The first day in Toulouse we toured a farmers market and a meat market. The variety of fruit and vegetables was impressive. Some of which we cannot buy in the US. The desire for fresh and local is clearly evident and people go out of their way to have it. In the meat market they had everything from cow tongue to cow brains. Our professor and guide claimed it was tastey but that may be a matter of opinion. The following day we explored the city visiting many churches and a museum. I have noticed they respect the history but mostly the traditions of their culture more than Americans. The next day, we met with the chamber of agriculture for the Toulouse region. We discussed everything from difficulties of growing transgenics to subsidies and support for start up farmers. There were pros and cons of their system, which is much more socialized compared to our. The one aspect I believe they have it figured out the greatest is farmers are elected for positions within the chamber of Ag rather than politicians. I'm sure it does get a little political but at least the person representing you is one of your own. On Wednesday we travled to the INRA, the French equivalent to a USDA research center. We toured the facility and discuss many of the latest discoveries in Ag and genetics. I found the research in the bacteria Xanthomonas the most intriguing. They have found that some plants are able to "degrade" the bacteria with enzymes when it recognizes it is attacked. It is a constant battle of evolution to survive. Our last trip before the weekend off we toured a local organic vegetable farm. Personally my favorite day because it is something I would want to pursue when I graduate. The owner was very anti GMO and conventional Ag. He believed many of problems environmentally and with our health stem from those two. He believed an agriculture revolution will happen which will see local produce being grown in urban areas due to the cost of petroleum. I enjoyed his ideas however farmers would only be able to feed 2/3 of our population if everything was grown organically. It's every humans moral right to have food security and the way I see it, organic produce is just a money maker for farmers and only for the rich that can afford it. That being said, I do believe we need to reduce pesticides and fertilizers entering our envirmnet with smarter practices like IPM and percision Ag.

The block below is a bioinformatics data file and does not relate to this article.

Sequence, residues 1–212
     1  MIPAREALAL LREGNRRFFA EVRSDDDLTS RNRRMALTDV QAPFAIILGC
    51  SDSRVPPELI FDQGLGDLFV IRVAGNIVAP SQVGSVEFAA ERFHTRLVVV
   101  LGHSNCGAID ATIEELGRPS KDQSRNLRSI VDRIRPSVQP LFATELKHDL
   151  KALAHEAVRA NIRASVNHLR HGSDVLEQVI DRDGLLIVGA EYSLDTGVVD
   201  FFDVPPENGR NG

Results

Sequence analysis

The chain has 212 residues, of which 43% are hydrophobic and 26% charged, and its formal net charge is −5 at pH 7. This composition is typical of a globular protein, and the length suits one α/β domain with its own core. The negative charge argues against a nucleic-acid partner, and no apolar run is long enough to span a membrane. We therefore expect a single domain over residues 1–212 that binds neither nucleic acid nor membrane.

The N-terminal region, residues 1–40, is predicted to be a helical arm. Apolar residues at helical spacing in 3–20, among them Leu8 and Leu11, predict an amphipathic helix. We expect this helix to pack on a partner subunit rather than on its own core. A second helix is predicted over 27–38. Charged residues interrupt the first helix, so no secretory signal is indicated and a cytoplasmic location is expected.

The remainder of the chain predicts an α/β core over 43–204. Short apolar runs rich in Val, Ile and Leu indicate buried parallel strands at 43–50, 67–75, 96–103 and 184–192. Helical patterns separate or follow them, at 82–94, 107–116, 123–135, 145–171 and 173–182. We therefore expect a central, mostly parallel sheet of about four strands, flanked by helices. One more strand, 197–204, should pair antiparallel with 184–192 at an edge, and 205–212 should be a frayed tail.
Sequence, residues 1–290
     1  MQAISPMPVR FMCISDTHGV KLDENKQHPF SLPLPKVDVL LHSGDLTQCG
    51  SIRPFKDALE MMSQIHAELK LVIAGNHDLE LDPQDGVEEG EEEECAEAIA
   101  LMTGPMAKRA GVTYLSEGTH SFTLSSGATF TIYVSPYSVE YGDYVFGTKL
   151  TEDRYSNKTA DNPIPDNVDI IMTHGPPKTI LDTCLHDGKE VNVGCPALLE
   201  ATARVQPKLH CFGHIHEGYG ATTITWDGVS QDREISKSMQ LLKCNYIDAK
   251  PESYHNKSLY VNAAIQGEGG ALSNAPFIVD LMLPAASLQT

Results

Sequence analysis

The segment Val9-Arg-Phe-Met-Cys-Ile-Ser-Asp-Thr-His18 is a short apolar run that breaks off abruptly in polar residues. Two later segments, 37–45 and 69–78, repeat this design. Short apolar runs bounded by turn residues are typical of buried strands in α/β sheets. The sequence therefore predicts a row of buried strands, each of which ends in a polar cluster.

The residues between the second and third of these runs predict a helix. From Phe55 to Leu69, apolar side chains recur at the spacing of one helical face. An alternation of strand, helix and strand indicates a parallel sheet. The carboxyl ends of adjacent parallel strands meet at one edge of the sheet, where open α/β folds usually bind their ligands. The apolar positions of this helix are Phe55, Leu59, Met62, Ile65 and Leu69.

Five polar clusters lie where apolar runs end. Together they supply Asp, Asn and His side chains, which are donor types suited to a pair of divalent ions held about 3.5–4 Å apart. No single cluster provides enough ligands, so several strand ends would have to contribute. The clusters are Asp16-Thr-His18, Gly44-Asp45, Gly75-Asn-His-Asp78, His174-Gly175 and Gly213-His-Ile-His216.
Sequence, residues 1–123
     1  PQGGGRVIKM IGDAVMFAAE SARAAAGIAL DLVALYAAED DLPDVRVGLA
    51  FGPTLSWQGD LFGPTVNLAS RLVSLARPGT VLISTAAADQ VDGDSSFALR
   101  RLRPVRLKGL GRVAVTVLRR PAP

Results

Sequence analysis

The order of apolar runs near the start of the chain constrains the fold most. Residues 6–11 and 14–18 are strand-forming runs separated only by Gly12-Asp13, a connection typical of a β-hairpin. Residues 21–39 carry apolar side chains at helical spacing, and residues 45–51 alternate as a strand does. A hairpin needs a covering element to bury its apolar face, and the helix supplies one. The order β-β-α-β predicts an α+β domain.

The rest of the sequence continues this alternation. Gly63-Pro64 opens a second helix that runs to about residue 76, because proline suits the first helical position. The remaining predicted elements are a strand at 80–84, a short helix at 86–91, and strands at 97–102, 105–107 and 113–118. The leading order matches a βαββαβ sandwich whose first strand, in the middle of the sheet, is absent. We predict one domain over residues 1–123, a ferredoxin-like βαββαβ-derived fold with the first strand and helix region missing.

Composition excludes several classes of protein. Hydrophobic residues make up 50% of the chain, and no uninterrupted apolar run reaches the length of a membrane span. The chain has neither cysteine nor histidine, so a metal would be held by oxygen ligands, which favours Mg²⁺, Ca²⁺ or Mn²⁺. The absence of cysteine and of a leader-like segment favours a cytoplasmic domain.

With the weekend off I took a trip to Luchon, a small town in the Pyrenees mountains. There I completed one of the hardest hikes in my life- a 4,000 ft rise in elevation over 40 kilometers. The view was worth it though. Snow packed peaks in every direction you looked. Nothing more can make one feel at peace than such a trek. Back in the town I explored the shops and admired the architecture. The next day was filled with more hiking to an old mid evil castle but more like watch tower. Later that evening I caught the bus back to Toulouse. This concluded my first week in France.